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Forbes – 4 Steps To Lead Generation Through LinkedIn




May 12, 2015

By John Hall

In content marketing, your network is everything. Although publishing a brilliant article on a site with 100,000 readers is a great credibility booster, it won’t matter if you’re not speaking to the right people.

That’s where LinkedIn’s publishing platform has stepped up to the plate. Its platform has become a prime place for brands to share content. Now that anyone can publish articles to the professional networking site, it’s easier than ever for companies to target brand advocates, potential customers, and industry influencers all in one place. What was once the content domain of Richard Branson and Bill Gates now plays a significant role in any solid marketing strategy.

Some people question the value of publishing on LinkedIn when compared to well-known sites like Forbes. Others wonder whether it’s worth going after the big names at all if LinkedIn allows them to get so close to their audiences. I say it’s not an either-or situation. LinkedIn helps me stay top of mind with customers and influencers in my industry, while my Forbes articles reach tens of thousands of people and increase my company’s credibility.

Visibility is important, but engaging directly with your network will create more tangible business opportunities.



Why LinkedIn Works

B2B marketers love LinkedIn — and for good reason. The platform drives 80 percent of B2B social media leads. Companies such as HubSpot use LinkedIn to republish blog posts, maximizing the number of people reading and sharing their teams’ ideas. LinkedIn provides a perfect venue for publishing insightful, shareable content that’s tailored to your network.

You can also drive readers to other content that you or colleagues have published by linking to them in your article. LinkedIn advertising can generate qualified traffic to landing pages that invite your audience to sign up for more articles and information.

LinkedIn may play different roles in your content strategy, so consider whether you’re using it to create visibility or generate leads. I found that my LinkedIn articles didn’t perform as well as I’d like traffic-wise, but they were great at bringing in new business. One post only had 11,000 views, but my company got more than 100 qualified leads from it. It’s just a matter of figuring out how to make LinkedIn work for your company’s goals.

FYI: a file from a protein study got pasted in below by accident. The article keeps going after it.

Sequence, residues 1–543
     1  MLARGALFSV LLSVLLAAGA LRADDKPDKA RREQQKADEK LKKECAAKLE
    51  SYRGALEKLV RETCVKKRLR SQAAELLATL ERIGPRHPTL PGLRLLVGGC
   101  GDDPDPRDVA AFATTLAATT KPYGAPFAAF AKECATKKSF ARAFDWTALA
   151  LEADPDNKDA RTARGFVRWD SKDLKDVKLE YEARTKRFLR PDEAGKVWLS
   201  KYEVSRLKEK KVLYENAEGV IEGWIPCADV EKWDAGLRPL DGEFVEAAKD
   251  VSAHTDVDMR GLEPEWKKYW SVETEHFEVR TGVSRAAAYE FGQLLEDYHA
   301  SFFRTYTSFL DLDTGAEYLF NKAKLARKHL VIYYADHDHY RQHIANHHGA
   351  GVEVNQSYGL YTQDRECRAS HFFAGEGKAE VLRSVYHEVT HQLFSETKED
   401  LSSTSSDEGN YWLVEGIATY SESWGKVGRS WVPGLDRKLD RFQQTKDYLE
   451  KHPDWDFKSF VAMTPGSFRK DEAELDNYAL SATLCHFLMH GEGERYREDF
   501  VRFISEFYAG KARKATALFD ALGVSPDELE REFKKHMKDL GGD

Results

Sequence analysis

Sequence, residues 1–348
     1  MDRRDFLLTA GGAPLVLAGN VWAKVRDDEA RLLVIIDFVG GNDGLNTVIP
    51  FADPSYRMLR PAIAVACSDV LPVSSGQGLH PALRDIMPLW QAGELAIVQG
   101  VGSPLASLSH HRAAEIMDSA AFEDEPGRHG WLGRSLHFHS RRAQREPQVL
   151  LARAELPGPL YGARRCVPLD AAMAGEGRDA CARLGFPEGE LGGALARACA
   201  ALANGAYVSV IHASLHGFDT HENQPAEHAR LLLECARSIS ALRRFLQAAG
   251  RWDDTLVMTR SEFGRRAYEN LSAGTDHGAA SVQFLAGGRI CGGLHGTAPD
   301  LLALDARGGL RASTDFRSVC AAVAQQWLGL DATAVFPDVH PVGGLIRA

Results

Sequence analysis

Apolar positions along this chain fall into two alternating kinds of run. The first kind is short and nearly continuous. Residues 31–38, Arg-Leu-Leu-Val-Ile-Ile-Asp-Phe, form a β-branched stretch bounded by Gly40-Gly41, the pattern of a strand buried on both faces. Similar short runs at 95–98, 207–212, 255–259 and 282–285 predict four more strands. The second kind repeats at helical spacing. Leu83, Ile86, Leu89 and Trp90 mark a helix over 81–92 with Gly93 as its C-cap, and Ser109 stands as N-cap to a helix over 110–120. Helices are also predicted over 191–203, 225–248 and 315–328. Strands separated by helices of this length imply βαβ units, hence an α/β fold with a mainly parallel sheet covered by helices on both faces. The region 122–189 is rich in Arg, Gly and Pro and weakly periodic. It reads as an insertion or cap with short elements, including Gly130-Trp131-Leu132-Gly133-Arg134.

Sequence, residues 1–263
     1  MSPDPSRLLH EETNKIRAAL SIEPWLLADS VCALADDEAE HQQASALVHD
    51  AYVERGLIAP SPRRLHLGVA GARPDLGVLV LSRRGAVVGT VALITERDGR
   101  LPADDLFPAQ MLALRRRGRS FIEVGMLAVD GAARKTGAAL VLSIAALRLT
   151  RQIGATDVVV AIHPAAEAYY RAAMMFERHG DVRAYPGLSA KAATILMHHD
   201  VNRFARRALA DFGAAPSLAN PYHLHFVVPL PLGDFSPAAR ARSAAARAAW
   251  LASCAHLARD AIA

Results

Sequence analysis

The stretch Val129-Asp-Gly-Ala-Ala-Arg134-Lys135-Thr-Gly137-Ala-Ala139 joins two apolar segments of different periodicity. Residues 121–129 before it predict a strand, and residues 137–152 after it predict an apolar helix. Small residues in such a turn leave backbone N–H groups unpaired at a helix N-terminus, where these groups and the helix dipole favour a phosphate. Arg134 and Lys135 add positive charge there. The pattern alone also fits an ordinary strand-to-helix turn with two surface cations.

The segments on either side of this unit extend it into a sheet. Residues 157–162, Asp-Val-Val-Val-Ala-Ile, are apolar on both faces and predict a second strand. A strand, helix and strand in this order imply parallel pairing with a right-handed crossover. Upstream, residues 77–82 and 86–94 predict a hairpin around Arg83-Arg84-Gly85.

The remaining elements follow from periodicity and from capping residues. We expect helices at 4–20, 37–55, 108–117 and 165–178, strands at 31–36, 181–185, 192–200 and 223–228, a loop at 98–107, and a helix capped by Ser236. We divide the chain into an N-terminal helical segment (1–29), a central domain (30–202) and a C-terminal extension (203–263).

How to Do LinkedIn Right

Many people see LinkedIn as a place to look for jobs and little else. But companies such as Microsoft have taken the content opportunities on LinkedIn and run with them, and marketers at all levels would be wise to follow suit. Bill Gates publishes as a LinkedIn Influencer, and the company regularly shares blog posts relevant to industry insiders and the general public. Microsoft starts conversations with readers and keeps them coming back for new insights.

Follow these steps to create your own successful LinkedIn strategy and start directing qualified leads to your brand:

1. Create an editorial calendar to stay consistent. Don’t treat LinkedIn like an afterthought — a site where you publish when you have a little spare time. Use this platform to stay in front of your network by consistently publishing quality content. Because you won’t have an editor reminding you of deadlines, maintaining an editorial calendar can help you manage your LinkedIn publishing schedule.

2. Optimize your posts for conversion. You can take a few more promotional liberties on LinkedIn than you would when writing for a publication. Include calls to action by linking to relevant whitepapers and articles that help drive traffic to your company’s site. Don’t inundate readers with sales pitches, of course, but provide them with additional resources from your organization.General Electric has mastered this strategy by sharing genuinely interesting content and discussion starters on its LinkedIn page and linking back to the company’s website or other brand articles. The exciting, visually appealing posts on GE’s LinkedIn profile make readers want to stick around. Most importantly, readers don’t feel like they’re being sold something all the time.

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